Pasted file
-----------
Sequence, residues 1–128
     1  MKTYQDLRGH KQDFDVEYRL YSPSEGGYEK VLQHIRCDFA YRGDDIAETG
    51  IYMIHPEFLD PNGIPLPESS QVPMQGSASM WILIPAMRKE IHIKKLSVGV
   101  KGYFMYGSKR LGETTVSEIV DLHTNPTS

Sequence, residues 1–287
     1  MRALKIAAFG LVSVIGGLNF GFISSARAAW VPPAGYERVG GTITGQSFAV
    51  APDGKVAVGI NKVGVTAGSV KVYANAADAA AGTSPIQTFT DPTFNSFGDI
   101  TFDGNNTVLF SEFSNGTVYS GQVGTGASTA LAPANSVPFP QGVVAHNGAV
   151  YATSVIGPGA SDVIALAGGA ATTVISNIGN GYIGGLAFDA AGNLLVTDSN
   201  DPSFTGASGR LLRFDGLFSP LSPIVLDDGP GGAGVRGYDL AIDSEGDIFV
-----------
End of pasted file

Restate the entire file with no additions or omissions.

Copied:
Sequence, residues 1–128
     1  MKTYQDLRGH KQDFDVEYRL YSPSEGGYEK VLQHIRCDFA YRGDDIAETG
    51  IYMIHPEFLD PNGIPLPESS QVPMQGSASM WILIPAMRKE IHIKKLSVGV
   101  KGYFMYGSKR LGETTVSEIV DLHTNPTS

Sequence, residues 1–287
     1  MRALKIAAFG LVSVIGGLNF GFISSARAAW VPPAGYERVG GTITGQSFAV
    51  APDGKVAVGI NKVGVTAGSV KVYANAADAA AGTSPIQTFT DPTFNSFGDI
   101  TFDGNNTVLF SEFSNGTVYS GQVGTGASTA LAPANSVPFP QGVVAHNGAV
   151  YATSVIGPGA SDVIALAGGA ATTVISNIGN GYIGGLAFDA AGNLLVTDSN
   201  DPSFTGASGR LLRFDGLFSP LSPIVLDDGP GGAGVRGYDL AIDSEGDIFV